The second Powell painting exhibited at the British Institution was also painted at this time. Wooded Landscape with Peasant Sleeping by a Track is regarded as a mirror image of Ruisdael’s La Forêt. However, the differences between the two paintings are extreme. The Ruisdael is a narrative painting, focusing on the centre foreground figures. Gainsborough replaces this group with a solitary figure to the left thereby maintaining an open vista, which allows the eye to travel unhindered to the horizon. There are also substantial differences in the trees and sky and the manner in which the horizon is depicted.

The painting was previously known as A View of Drinkstone Park, arising perhaps from Drinkstone’s manmade lake, which is not dissimilar to that in the painting. Nevertheless, there may be an actual Drinkstone landscape, unrecognised for centuries. About 1765, or perhaps a little earlier, Gainsborough painted a portrait of Joshua Grigby II overlooking an estate which, allowing for artistic license, represents a view of Drinkstone Park. According to local history: 'the painter Gainsborough was summoned to make a portrait of a rich businessman, Joshua Grigsby, who had built for himself a grand house at Drinkstone Park'. The house was completed in 1760 or thereabouts and it may well be that the portrait was commissioned to celebrate the event. Grigby is posed on high ground overlooking a view showing the house on the far side of the Black Bourne River, which  feeds Drinkstone Park Lake as it winds its way across the estate. Just beyond, in the middle distance, is All Saints Church in the village of Drinkstone Green where Joshua and many of the Grigby family are buried.

Photograph of a painting by Thomas Gainsborough.

Thomas Gainsborough: Joshua Grigby II, 1760-65.
Oil on canvas. 127x101cm. Gemäldegalerie, Berlin.

Joshua Grigby II (1731-1798) obtained a law degree at Cambridge in 1754 and became a successful lawyer. He was an ardent campaigner for civil and religious liberty and is best remembered as a Member of Parliament who fought for the abolition of the slave trade. His father, Joshua Grigby I (1710-1771) was a wealthy solicitor who practised in Bury St. Edmunds where he also acted as town clerk. He was Lord of the Manor of Gonvile, situated in the parish of Windham, Norfolk. He also had property in Drinkstone, presumably the land on which his son built the mansion.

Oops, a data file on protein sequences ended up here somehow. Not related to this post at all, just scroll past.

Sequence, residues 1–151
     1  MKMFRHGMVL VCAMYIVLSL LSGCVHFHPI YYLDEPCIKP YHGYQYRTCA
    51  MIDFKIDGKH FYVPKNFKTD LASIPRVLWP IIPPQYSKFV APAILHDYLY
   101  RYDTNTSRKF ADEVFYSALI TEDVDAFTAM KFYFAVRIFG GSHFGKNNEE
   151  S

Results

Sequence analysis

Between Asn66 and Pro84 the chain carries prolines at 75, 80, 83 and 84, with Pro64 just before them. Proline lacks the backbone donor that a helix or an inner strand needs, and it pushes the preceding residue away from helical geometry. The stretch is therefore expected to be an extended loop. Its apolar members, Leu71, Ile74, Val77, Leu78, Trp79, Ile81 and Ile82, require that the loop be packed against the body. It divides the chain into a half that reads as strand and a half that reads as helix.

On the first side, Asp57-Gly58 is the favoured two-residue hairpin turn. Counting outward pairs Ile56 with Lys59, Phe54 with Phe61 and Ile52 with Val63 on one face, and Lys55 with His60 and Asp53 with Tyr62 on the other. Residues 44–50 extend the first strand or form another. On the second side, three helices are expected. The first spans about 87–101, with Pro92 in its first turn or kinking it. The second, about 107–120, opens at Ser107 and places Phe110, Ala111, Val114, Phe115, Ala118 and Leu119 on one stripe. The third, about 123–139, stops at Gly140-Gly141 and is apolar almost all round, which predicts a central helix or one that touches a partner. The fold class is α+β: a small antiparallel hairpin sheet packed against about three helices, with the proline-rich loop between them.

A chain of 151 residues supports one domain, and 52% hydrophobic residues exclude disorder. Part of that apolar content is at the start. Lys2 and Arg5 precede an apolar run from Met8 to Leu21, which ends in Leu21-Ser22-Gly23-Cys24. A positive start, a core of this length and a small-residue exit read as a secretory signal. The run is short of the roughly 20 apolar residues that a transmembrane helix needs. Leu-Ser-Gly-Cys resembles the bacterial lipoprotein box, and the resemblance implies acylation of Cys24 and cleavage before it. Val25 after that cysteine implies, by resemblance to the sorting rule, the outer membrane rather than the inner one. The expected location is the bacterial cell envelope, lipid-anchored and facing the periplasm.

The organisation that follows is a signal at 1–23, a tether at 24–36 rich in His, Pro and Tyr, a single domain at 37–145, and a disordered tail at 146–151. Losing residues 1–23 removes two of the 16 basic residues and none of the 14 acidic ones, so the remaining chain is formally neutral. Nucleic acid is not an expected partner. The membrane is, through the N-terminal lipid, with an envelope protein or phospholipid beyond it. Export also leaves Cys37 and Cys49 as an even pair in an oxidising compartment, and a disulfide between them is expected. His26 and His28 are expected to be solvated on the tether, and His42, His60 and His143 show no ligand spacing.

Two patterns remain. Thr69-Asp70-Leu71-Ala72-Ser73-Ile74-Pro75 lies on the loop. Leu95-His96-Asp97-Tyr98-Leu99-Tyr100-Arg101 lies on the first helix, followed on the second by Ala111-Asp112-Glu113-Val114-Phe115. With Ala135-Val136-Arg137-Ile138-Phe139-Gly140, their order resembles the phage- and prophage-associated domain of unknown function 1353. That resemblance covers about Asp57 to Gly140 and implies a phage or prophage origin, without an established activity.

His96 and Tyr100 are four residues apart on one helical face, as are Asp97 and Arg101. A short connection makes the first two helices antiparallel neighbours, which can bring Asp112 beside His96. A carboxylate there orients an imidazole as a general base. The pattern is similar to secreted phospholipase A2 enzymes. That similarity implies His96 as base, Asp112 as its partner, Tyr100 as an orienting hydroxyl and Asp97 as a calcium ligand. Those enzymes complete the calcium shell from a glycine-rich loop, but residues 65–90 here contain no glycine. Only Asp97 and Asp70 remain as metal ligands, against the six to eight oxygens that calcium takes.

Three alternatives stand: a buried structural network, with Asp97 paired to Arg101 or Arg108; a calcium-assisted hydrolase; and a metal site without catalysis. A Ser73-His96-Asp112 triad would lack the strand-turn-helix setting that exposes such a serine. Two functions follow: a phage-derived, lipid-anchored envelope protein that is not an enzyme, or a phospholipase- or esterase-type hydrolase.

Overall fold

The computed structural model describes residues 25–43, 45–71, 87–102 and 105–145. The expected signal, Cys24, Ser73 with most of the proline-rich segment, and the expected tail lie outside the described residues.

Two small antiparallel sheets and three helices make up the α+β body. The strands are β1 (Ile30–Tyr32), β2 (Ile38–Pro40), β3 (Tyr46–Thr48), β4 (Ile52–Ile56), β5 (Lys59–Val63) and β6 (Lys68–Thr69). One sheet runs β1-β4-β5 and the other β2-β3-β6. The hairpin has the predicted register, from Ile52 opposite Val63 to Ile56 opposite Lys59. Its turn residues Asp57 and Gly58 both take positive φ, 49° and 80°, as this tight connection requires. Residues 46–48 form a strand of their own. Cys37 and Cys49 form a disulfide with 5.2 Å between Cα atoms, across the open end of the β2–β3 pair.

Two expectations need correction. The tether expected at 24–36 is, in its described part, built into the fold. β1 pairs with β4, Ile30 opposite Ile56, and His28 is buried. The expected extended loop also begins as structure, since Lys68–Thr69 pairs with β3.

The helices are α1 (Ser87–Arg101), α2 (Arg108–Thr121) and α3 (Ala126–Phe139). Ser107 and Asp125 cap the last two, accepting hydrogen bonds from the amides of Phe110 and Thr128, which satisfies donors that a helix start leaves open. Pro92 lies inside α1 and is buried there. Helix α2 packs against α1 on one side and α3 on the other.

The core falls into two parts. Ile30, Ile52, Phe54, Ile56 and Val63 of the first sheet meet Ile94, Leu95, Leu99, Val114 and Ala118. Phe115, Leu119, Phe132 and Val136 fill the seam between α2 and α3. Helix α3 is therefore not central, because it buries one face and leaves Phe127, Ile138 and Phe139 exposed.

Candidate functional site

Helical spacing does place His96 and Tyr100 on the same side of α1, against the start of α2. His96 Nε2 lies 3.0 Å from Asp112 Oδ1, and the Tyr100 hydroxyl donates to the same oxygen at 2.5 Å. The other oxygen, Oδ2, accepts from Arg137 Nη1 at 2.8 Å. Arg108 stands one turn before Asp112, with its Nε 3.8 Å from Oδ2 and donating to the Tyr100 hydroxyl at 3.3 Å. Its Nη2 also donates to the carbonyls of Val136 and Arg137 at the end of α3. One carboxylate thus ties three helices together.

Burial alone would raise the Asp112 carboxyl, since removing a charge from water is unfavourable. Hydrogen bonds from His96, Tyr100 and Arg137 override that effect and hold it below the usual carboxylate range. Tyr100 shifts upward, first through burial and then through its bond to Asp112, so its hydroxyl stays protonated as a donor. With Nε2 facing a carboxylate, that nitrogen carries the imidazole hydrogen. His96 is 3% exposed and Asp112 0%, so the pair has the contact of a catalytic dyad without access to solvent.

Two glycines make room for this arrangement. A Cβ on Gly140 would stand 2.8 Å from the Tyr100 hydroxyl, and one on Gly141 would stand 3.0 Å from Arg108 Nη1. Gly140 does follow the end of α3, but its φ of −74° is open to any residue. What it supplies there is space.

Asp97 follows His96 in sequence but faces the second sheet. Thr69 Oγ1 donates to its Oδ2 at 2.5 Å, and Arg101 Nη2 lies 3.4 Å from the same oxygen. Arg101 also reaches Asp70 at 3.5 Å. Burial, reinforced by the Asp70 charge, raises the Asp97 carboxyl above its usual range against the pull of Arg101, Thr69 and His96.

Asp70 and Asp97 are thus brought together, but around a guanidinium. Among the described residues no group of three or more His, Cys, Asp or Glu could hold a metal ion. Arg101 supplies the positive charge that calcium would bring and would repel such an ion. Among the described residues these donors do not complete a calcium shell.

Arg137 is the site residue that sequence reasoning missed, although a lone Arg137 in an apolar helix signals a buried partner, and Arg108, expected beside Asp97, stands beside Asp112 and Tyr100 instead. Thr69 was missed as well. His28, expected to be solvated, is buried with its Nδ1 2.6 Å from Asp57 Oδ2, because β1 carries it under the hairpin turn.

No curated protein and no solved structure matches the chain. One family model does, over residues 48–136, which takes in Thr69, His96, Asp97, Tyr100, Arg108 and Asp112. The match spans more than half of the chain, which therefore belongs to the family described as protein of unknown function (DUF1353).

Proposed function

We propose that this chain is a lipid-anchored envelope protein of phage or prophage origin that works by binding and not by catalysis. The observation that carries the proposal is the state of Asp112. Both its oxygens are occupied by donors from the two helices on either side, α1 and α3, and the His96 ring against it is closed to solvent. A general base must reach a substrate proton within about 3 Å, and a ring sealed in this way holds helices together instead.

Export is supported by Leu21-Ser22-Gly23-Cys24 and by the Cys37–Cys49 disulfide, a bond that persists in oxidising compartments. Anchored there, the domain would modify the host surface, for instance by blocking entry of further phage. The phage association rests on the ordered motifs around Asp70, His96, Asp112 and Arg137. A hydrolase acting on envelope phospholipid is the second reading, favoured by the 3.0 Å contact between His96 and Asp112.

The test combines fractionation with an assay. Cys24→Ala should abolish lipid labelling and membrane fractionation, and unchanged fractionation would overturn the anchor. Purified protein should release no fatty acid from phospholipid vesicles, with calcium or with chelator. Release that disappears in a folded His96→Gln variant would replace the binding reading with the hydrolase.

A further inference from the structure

Analysis of Landscape with Figures on a Path shows that Gainsborough employed many of the techniques of the Dutch masters. We find a double ground, the lower layer of which is a warm orange-fawn consisting of lead white and orange-ochre. The same ground layers are found in many of Gainsborough’s other works. The upper ground layer is a greyish pink consisting of lead white, lamp black and orange ochre. This shows through the final glazes in parts of the sky, a common feature of 17th-century Dutch landscape painting . The purple-grey of the clouds is a mixture of lead white, charcoal black and a small amount of crimson lake, a method that closely resembles that of Ruisdael. The yellow of the wheat field is mainly a mixture of yellow ochre (iron oxides) and lead white. This light yellow mix produces a similar colour to the lead-tin yellow which Ruisdael might have used (Analysis: Sheldon & Gardner, University College London).

The paint is quite thinly applied in both semi-translucent and opaque layers. In certain places, the very thin paint of the trees was applied in such a dilute state that it ran into the impasto of the underlying paint. The trunk of the central tree runs over the paint on the horizon and was applied in a very fluid state. Other than the broad hog’s hair brushwork of the upper ground, much of the painting is executed with fine brushes. The foreground brushstrokes on the corn ears, for example, are extremely fine and probably done with a sable brush. Some of the corn towards the middle-ground is dabbed on with a fine brush to give the effect of distant corn. On the horizon, opaque layers were applied over transparent layers to indicate mid-tones and an impression of distance. Along the horizon is a slightly thick line of paint applied to imitate a panel joint.

Jacob van Ruisdael: Grainfield Beside a Road
Thomas Gainsborough: Extensive Landscape with Chalky Banks
Thomas Gainsborough: Wooded Landscape with Peasant Resting
Thomas Gainsborough: Mr and Mrs Andrews
Thomas Gainsborough: Landscape with Figures on a Path (frame)
History of Drinkstone Park